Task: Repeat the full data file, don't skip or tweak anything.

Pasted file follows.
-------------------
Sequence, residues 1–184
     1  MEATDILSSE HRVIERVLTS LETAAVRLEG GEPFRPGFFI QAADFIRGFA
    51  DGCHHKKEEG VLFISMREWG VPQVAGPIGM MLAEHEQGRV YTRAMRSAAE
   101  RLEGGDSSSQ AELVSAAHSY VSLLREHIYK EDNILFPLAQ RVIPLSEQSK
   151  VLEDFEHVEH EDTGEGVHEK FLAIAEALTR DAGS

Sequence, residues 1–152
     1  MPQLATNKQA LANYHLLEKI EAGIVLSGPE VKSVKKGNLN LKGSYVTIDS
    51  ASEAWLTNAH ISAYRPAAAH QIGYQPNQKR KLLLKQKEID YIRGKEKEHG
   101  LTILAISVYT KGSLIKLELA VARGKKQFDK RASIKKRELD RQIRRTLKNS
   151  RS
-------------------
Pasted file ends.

Sequence, residues 1–184
     1  MEATDILSSE HRVIERVLTS LETAAVRLEG GEPFRPGFFI QAADFIRGFA
    51  DGCHHKKEEG VLFISMREWG VPQVAGPIGM MLAEHEQGRV YTRAMRSAAE
   101  RLEGGDSSSQ AELVSAAHSY VSLLREHIYK EDNILFPLAQ RVIPLSEQSK
   151  VLEDFEHVEH EDTGEGVHEK FLAIAEALTR DAGS

Sequence, residues 1–152
     1  MPQLATNKQA LANYHLLEKI EAGIVLSGPE VKSVKKGNLN LKGSYVTIDS
    51  ASEAWLTNAH ISAYRPAAAH QIGYQPNQKR KLLLKQKEID YIRGKEKEHG
   101  LTILAISVYT KGSLIKLELA VARGKKQFDK RASIKKRELD RQIRRTLKNS
   151  RS